So now, what did I need? I reached out to my friend, the very talented composer Jose’ Herring, who has made a kind of hobby of building PCs. I considered an AMD scenario and various iterations of Intel i7s, i5s, Sandy Bridge, etc. It was bewildering, daunting, and I changed my mind several times, at one point almost returning to the stock PC idea. I only knew that I knew I wanted it to be fast, stable, and have 24 GB of RAM.
But after what must of seemed to poor Jose’ like hundreds of emails and phone calls, not to mention all the other people I drove crazy with my inquiries, for app. $1300, I had all the parts I needed and with the assembly cost, it was a little under $1500. Being a good and patient shopper, I ended up with what I think is clearly a bargain.
Here is what I ended up with:
Intel Core i7-950 BX80601950 Processor – Quad Core, 8MB L3 Cache, 1MB L2 Cache, 3.06 GHz (3.33 GHz Max Turbo), Socket B (LGA1366), 130W, Fan
MSI X58A-GD45 Intel X58 Socket B Motherboard – ATX, Socket B (LGA1366), Intel X58 Express, DDR3 2133MHz (O.C.), SATA 6.0 Gb/s, RAID, 8-CH Audio, Gigabit LAN, USB 3.0, SLI/CrossFire Ready
Corsair Enthusiast Series TX650M High Performance 650W Power Supply
Cooler Master Storm Enforcer Mid Tower Case
EVGA 8400GS 1GB
Kingston KHX1600C9D3T1BK3/12GX HyperX T1 Desktop Memory Kit – 2x 12GB (3x 4GB), PC3-12800, DDR3-1600MHz, 9-9-9-27 CAS Latency, Unbuffered, Non-ECC, Intel XMP Ready
Microsoft Windows 7 Professional 64BIT Operating System Software – OEM DVD SSD
OCZ Agility 3 240GB w/ CONVERTER SILVERSTONE SDP08 R
Western Digital Caviar Black w/ 64 MB cache for my boot drive.
Gear Head 8x Triple Format DVD-RW/CD-RW Mobile Slim Drive
I brought the parts in to the shop and two days later, it was in my studio. Now all I had to install the software and learn how to use the blankety-blank thing. Installing and authorizing Vienna Ensemble Pro and Play 3 was a breeze, as VE Pro is tied to an E-licenser key and Play 3 to an iLok. It is fashionable to complain and curse at dongles, but let me tell you, it sure made this process easier for me.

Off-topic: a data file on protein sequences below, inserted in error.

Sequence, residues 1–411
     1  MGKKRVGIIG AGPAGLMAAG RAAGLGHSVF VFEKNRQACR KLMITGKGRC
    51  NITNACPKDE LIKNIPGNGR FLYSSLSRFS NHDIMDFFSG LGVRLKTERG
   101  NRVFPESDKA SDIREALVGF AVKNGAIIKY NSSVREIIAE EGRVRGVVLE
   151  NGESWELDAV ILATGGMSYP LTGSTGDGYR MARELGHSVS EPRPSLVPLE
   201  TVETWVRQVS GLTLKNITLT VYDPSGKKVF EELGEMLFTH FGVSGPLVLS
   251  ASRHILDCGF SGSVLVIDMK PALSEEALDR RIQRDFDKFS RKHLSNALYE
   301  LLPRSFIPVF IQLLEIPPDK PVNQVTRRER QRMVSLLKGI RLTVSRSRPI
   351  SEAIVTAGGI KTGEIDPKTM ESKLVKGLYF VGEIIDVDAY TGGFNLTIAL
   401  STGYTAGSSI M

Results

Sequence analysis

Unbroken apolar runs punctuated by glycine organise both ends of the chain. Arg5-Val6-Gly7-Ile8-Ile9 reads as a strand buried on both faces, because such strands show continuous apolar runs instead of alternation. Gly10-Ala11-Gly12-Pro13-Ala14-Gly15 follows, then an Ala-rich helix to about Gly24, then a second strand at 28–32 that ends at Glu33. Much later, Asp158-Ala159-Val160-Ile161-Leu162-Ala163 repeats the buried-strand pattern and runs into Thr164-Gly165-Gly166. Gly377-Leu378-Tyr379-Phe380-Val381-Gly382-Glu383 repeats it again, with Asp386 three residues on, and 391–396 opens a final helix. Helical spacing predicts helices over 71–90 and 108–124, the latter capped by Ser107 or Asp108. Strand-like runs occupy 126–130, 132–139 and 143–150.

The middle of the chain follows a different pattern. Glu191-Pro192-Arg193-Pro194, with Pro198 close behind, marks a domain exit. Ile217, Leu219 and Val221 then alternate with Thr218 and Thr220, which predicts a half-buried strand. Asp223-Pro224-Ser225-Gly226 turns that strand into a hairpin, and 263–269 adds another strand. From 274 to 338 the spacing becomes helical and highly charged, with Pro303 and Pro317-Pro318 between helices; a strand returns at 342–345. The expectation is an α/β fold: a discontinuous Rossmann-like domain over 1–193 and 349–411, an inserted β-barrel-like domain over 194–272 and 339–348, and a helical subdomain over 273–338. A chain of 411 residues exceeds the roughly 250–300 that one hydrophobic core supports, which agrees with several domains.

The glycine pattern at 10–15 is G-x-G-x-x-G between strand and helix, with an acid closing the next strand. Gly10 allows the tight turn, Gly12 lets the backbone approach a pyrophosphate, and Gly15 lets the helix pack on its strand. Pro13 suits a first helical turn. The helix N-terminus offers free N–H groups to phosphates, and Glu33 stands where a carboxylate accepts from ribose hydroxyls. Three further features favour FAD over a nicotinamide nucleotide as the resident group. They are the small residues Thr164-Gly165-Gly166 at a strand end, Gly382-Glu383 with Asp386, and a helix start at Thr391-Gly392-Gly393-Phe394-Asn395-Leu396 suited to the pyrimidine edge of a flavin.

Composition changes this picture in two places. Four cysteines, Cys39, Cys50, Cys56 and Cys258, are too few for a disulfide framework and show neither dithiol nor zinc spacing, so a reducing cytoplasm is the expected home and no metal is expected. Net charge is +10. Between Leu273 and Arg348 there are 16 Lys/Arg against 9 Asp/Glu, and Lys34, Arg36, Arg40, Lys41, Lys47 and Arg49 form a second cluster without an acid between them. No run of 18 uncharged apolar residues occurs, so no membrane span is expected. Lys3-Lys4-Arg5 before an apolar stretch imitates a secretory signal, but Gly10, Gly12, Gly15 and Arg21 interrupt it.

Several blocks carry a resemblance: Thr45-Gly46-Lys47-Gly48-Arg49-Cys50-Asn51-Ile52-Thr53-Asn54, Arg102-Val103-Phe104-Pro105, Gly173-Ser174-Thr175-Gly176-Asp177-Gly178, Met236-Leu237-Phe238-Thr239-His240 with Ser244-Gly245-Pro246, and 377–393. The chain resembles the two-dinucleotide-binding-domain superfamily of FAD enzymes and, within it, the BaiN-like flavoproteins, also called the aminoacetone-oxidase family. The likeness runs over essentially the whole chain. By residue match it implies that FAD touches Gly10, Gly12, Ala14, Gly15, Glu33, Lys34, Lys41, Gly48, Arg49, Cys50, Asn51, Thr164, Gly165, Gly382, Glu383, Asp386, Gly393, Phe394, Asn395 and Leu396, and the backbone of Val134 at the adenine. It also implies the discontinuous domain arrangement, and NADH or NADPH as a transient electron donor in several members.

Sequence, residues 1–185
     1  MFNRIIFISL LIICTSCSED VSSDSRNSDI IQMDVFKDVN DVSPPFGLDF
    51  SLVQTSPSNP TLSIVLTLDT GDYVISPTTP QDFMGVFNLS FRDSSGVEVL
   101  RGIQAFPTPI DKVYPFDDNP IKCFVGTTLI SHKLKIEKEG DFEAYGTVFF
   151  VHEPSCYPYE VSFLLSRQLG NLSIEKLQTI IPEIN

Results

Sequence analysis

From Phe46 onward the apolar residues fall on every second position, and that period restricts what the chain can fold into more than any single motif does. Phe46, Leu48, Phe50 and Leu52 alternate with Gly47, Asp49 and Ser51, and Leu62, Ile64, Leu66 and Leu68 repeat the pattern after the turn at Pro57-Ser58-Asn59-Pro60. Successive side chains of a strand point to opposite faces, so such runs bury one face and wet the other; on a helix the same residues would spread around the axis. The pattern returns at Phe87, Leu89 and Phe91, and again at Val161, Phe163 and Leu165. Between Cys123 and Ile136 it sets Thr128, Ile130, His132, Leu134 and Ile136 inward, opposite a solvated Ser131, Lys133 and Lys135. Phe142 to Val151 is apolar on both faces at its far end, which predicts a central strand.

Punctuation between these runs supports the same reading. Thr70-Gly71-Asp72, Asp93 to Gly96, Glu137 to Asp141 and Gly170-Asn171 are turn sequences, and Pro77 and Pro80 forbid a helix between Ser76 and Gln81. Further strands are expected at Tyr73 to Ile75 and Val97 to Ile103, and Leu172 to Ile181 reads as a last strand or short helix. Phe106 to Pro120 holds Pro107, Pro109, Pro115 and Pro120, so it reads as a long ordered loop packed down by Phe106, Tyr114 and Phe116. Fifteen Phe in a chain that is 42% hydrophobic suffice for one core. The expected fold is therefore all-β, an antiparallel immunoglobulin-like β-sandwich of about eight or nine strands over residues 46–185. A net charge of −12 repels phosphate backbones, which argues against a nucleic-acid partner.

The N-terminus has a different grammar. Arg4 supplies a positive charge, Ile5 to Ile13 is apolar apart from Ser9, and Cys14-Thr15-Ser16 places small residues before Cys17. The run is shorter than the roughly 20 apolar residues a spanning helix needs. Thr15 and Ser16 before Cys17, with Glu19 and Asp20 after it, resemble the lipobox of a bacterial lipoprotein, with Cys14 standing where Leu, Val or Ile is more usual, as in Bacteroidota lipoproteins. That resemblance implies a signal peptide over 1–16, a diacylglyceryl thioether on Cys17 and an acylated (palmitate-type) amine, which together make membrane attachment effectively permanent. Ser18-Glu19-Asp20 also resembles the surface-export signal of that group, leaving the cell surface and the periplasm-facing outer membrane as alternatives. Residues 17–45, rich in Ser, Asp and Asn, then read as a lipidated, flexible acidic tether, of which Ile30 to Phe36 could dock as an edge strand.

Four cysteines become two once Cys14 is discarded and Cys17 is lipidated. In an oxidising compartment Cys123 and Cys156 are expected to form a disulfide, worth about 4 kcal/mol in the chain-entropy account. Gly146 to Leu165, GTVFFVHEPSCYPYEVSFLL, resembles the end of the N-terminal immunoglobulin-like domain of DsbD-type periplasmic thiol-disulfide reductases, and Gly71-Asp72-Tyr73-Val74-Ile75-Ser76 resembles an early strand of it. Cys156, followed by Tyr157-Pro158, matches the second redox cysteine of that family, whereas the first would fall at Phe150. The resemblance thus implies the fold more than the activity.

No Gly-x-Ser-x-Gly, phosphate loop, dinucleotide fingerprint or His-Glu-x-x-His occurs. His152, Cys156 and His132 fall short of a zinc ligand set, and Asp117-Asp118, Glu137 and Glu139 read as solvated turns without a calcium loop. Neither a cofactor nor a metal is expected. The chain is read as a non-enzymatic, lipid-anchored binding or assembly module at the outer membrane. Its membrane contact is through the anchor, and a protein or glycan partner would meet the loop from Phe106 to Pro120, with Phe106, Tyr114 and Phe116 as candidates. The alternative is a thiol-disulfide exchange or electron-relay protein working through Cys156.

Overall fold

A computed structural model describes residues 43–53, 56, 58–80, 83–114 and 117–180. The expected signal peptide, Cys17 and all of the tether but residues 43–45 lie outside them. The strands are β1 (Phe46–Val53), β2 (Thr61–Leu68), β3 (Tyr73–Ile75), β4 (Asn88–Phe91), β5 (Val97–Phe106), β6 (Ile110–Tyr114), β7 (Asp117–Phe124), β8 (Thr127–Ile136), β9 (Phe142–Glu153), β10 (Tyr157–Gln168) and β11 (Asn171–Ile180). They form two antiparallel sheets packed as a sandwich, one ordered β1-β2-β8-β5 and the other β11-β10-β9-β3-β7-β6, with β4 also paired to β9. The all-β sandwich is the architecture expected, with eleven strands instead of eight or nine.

Windows 7 is another story however. Supposedly it is the most “Mac OSX” like version of Windows, but there are a lot of things that if you do not know where they are to set and what to set them to, are far from intuitive and since I am trying to do more than simply surf the net, it is an issue. My friend Nick Batzdorf, the editor of Virtual Instruments magazine, came to my rescue and set up Remote Desktop so that I do not need an additional monitor, keyboard, or mouse, which is very cool. But as he is used to a different version of Windows, even he struggled and we both concluded that there are some really dumb things about Windows 7. (Yes, my PC friends, I know, there are some dumb things about Apple’s Snow Leopard and Lion as well.)
So Jay, what’s the verdict? Well, it is early days here and it has not yet been tested in the heat of battle. That will happen with my next project in mid-November. But here is what I have observed so far. A fairly good-sized Vienna Ensemble Pro template of Hollywood Strings and Hollywood Brass, including “powerful system” patches, loads up lickety-split from the SSD, way faster than it did from an SSD on my admittedly slower Mac. I was able to connect to Logic on my Mac with very little problems, thanks to the brilliance of the Vienna guys in how they designed VE Pro to connect by ethernet pretty darned seamlessly. I am able to play them with no significantly noticeable latency at a lower buffer than I could on my Mac alone and I could never have run the “powerful system” patches along with the other patches I have instantiated on my Mac alone. In short, so far I am delighted.
There are some kinks and I am sure more will be coming. I still cannot figure out how to copy from a drive on my Mac to a drive on my PC, only the public folder. I still know next to nothing about running Windows so if anything goes wrong, me, the guy who people call to help them troubleshoot Logic and their Macs, will no doubt look like an idiot trying to get help with Windows. As I start to use more and more HS and HB, or some other powerful libraries that come out that I fall in love with, which will inevitably happen because nature abhors a vacuum, I may need a second SSD and may find that I will want to connect to VE Pro with a second audio interface and MIDI software.
Still, at the end of the day at this given point in time, and yes, it could change when the next generation of MacPros come out, it seems to me that a well-designed, well built PC slave is an affordable and powerful tool that makes a lot of sense.
Provided that you have the right friends! :)